Archives For Tennessee

Kirk Douglas West aka Kirk R. Leipzig was charged with two counts of bank fraud by Information in the United States District Court for the Middle District of Tennessee (Nashville Division.)  The Information alleges that Leipzig inflated his income and net worth on personal financial statements and/or loan application documents submitted to Reliant Bank and submitted fraudulent or forged documents to support the misrepresentations – including a consulting agreement purporting to guarantee income of approximately $300,000 a year for multiple years, W-2 forms, a pay stub, and income tax returns.  Based on these misrepresentations, Reliant Bank disbursed two loans, the first on December 4, 2008 for $610,000 secured by 9569 Hampton Reserve Drive, Brentwood Tennessee and the second on March 1, 2010 for $1,600,000 secured by 4303 Harding Place, Nashville, Tennessee.  The information also seeks forfeiture.

Leipzig’s real estate investment success was featured in the Forbes article “Flipping for Profit” on July 8, 2008.  According to the Nashville Post, Greg Sturgeon filed a complaint in the Davidson County Chancery Court in March 2013, which was dismissed with prejudice a short time later, alleging that Leipzig, the manager of Home Equity Asset Partners, promised him a return on investment for contributing $60,000 to an East Nashville house flip and, that while Leipzig sold the home for $457,000 after purchasing it for $135,000, he had quitclaimed the property to Home Equity Asset Partners without Sturgeon’s knowledge and only returned about $40,000 of Sturgeon’s initial investment. The article also refers to other lawsuits against Leipzig, including lawsuits by two banks which claimed Leipzig failed to repay loans in 2011 and 2012.  A May 2013 article in the Nashville Post states that the City of Belle Meade filed a lawsuit against a land trust that owns a dilapidated property – the trustee of the trust being listed as under the care of Leipzig – claiming the property’s condition violated numerous codes.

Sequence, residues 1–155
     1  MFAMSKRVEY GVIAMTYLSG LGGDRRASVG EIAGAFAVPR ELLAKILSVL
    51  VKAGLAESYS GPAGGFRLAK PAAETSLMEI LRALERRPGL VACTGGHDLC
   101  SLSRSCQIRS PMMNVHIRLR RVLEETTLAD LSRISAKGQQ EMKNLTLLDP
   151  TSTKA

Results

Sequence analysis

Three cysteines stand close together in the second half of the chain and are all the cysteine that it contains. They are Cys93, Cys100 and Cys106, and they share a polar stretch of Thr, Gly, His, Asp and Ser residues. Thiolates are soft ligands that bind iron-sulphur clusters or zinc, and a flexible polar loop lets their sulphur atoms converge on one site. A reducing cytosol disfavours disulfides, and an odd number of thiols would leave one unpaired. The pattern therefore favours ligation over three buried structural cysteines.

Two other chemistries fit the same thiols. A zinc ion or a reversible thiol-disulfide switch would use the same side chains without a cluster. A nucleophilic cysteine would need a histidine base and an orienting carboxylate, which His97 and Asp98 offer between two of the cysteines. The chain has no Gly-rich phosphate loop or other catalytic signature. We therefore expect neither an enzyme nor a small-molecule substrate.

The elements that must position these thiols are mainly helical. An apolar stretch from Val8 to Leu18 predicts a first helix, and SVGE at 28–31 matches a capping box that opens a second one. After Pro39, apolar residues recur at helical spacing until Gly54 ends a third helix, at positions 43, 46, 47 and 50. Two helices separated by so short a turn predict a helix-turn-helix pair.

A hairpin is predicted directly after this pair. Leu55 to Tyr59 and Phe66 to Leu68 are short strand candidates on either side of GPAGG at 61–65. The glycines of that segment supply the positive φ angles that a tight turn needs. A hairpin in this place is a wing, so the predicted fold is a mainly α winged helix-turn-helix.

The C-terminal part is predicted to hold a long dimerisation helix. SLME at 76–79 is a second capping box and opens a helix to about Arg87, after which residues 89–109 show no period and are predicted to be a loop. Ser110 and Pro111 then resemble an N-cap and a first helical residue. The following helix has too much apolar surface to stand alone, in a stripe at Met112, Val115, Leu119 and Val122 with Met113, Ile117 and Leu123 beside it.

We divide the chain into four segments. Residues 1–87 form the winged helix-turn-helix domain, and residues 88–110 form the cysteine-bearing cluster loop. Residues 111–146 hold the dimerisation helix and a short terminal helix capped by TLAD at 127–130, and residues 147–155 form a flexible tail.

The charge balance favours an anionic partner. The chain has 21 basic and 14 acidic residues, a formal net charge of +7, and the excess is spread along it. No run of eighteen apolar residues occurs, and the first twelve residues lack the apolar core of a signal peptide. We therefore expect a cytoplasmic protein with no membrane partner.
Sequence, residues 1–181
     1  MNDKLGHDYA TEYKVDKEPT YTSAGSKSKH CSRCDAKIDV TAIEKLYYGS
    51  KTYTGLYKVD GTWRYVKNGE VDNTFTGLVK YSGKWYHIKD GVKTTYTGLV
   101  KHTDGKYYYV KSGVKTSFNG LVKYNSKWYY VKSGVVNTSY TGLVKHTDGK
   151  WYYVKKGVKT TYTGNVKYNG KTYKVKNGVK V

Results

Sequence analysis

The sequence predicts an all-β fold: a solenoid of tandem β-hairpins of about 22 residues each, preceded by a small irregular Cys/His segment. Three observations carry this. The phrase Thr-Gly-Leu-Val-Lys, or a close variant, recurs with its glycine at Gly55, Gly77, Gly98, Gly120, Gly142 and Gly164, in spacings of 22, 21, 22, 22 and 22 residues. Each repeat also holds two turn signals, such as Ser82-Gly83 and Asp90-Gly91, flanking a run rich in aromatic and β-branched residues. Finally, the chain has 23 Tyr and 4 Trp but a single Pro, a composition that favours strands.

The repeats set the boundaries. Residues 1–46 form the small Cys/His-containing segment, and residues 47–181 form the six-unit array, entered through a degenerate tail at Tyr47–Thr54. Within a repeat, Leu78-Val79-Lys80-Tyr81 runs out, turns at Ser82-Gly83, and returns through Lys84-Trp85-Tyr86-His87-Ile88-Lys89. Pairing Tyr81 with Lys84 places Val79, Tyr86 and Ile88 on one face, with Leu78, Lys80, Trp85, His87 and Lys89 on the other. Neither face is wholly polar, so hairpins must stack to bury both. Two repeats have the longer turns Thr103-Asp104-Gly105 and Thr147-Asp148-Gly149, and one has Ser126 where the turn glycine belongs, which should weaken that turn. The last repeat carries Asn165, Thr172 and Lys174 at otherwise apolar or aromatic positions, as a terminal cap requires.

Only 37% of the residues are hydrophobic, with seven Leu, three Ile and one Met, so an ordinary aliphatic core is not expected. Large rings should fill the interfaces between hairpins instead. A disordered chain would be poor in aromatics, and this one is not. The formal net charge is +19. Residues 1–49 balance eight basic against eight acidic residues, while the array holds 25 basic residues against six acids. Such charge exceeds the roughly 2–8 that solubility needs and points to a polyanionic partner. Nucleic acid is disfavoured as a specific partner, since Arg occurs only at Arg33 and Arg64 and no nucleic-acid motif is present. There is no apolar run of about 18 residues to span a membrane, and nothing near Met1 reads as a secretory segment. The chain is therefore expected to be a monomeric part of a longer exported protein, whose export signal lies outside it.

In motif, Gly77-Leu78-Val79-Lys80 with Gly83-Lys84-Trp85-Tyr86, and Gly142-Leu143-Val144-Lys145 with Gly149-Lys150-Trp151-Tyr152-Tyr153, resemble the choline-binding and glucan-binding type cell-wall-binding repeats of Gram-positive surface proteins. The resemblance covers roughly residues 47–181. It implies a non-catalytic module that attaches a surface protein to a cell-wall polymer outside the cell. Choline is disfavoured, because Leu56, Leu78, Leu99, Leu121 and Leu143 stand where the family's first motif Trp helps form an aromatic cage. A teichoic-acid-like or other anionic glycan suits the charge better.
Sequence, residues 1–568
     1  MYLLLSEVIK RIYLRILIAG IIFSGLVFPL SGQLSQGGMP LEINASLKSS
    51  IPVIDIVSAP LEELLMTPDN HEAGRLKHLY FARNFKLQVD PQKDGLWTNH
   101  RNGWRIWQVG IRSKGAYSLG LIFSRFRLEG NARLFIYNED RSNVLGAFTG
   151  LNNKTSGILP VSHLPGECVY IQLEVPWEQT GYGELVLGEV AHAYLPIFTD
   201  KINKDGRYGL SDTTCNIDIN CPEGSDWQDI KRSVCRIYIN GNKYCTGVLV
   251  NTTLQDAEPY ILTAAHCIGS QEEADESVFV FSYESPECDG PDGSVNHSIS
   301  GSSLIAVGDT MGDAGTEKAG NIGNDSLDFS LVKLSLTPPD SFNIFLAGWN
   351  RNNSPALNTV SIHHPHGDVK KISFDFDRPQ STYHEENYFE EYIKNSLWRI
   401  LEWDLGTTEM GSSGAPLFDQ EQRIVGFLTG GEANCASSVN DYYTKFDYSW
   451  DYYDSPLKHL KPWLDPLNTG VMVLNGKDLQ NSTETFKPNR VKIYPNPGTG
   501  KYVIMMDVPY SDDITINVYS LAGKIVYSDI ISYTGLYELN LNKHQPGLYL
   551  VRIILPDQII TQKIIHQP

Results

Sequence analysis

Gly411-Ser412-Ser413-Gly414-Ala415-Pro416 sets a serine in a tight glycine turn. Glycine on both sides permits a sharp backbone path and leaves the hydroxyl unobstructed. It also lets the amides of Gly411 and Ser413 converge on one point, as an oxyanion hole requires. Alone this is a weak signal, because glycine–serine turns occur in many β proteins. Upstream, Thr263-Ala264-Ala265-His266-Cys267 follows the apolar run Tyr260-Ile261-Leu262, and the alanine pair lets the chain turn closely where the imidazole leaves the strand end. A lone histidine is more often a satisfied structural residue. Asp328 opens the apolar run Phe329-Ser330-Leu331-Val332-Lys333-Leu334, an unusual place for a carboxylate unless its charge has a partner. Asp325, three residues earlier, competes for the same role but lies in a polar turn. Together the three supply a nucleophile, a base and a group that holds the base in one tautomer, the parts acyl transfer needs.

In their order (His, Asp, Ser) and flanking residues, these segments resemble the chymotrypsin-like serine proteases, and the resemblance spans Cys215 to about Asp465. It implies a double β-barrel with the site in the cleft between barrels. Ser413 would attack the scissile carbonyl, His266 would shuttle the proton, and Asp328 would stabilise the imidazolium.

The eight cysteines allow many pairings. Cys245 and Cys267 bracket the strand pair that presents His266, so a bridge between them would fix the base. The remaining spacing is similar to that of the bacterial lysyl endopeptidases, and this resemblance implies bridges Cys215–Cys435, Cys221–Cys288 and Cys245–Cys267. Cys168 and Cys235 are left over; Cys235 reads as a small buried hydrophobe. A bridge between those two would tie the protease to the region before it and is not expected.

Leipzig and his trust were also the subject of involuntary bankruptcy filings by creditors in 2014.

Murray O. Wilhoite, Jr., 68, Franklin, Tennessee, was convicted of three felony charges following a trial before U.S. District Court Judge Aleta A. Trauger.  The jury convicted Wilhoite of making a false statement to a bank, making a false statement in a federal bankruptcy filing, and making a false statement under oath during a bankruptcy hearing.

Evidence presented during the trial demonstrated that Wilhoite obtained a $1.2 million loan in December 2007 by pledging, as collateral, a Franklin, Tennessee property that he did not own. During trial, testimony and exhibits proved that Wilhoite knowingly misrepresented to an FDIC-insured bank that he owned certain real property that he pledged as collateral. However, as trial evidence proved, the property was owned at all relevant times by his father.

In documents signed during the closing for this loan, Wilhoite falsely represented that he was the owner and titleholder of the property, and the bank relied on his statements in permitting him to obtain a loan using the Franklin property as collateral in lieu of a down payment.  Wilhoite subsequently lied during a 2011 bankruptcy filing, by again misrepresenting that he owned the Franklin property, and did so for the purpose of preventing the bank from foreclosing on this property after he defaulted on his loan. Wilhoite lied again at a 2013 hearing before the U.S. Bankruptcy Court for the Middle District of Tennessee, during which he perjured himself by falsely stating that he had not known that the Franklin property was designated as collateral for the loan. The evidence at trial proved that Wilhoite made the bankruptcy-related false statements knowingly and with the intent to deceive.